Pork jowl or hog jowl is a delightfully fatty cut, best enjoyed in small quantities. Start by braising it to soften any connective tissue, then brown it to crispy perfection.

I like to serve it sliced over mashed cauliflower. The leftovers are great, and you can enjoy them reheated or even cold.

Sliced pork jowl served on top of mashed cauliflower.

If you like rich, fatty cuts of meat, you are going to love this pork jowl recipe. Once braised and then browned, it’s a wonderfully melt-in-your-mouth treat.

Just remember that its richness and fattiness mean that it should be enjoyed sparingly. Serve about two strips per person – it’s more than enough!

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Ingredients

You’ll only need a few simple ingredients to make this recipe. The exact measurements are listed in the recipe card below. Here’s an overview of what you’ll need:

  • Pork Jowl: The jowl can be found below the cheek, right behind the jaw. This ultra-fatty cut is great for making homemade cured bacon. It’s even fattier than pork belly! But if you want a simpler and faster way to cook it than curing, I recommend braising it to soften the connective tissues, then broiling or baking it to brown and crisp up the fat.
  • To season: Kosher salt, black pepper, garlic powder, smoked paprika, and dried thyme.
  • Braising liquids: Chicken broth, apple cider vinegar, and hot pepper sauce.
The ingredients needed to cook pork jowl.

Instructions

Cooking a pork jowl is easy! Scroll down to the recipe card for detailed instructions. Here’s an overview of the steps:

  • Preheat your oven to 300 degrees F. Place the jowl in a rimmed baking dish large enough to fit it (I typically use an 11 X 8 -inch baking dish). Season it with salt and pepper.
  • In a jar or a bowl, add the broth, vinegar, hot pepper sauce, smoked paprika, garlic powder, and dried thyme. Whisk or shake well to combine.
  • Pour the sauce into the pan.
  • Cover the pan tightly with a double or even triple layer of aluminum foil. It must be completely sealed with no gaps.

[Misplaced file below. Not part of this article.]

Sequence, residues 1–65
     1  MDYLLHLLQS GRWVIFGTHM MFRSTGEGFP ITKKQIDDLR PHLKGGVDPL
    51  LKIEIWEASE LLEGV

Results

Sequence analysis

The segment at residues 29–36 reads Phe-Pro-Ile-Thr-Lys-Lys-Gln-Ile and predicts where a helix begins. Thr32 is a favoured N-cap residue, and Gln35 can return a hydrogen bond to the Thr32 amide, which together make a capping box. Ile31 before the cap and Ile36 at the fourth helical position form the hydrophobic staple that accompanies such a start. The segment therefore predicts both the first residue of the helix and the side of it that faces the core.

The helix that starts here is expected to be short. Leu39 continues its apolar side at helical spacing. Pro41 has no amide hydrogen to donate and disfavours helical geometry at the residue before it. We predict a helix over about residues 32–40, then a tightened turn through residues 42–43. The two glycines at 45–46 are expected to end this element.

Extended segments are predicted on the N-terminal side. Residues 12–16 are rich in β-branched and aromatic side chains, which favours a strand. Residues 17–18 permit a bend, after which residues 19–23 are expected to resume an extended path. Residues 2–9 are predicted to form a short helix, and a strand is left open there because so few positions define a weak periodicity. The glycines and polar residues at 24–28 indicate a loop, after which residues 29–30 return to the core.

• Bake the jowl until very tender, for about 2 hours.
  • Remove the pan from the oven and switch the oven to broil. Set an oven rack 6 inches below the flame (not directly below).
  • Remove the foil (carefully – hot steam will escape). Transfer the jowl to a cutting board. Using a sharp chef’s knife, slice it into ½-inch-thick slices.
  • Arrange the slices in a single layer on a broiler-safe rimmed baking sheet. Place the baking sheet 6 inches below the broiler for around 2-3 minutes per side to brown and crisp up the fat.
A six-photo collage showing the steps for cooking pork jowl.

Expert tips

  • Keep in mind that eating this pork cut is almost like eating pure fat, so you’ll want to serve very small portions of it. One jowl makes about six 2-ounce servings, and although the servings might seem small, they’re in fact very appropriate considering the richness of the dish.
  • When broiling the slices, there will be some splattering in your oven. If this is an issue, you can opt for baking or pan-frying instead.

Frequently asked questions

What is a pork jowl? Is it the same as pork cheek?

The jowl can be found below the cheek, behind the jaw. It’s sometimes called hog jowl. It’s not the same as the cheek – this cut is not actually in the cheeks but in the surrounding area of the face. It’s fattier than the cheeks. In fact, it’s almost pure fat.

Where do you get pork jowl?

This is actually not a cut that’s easy to find in grocery stores or even at Whole Foods (unless you ask the butcher to special-order it for you). I usually order it online at grasslandbeef.com.

Is the jowl the same as pork belly?

No. The belly literally comes from the belly area of the animal, while the jowl comes from the face. Both are fatty cuts, but the jowl is fattier – it’s almost pure fat, so it should be well-browned and eaten in very small quantities.

Variations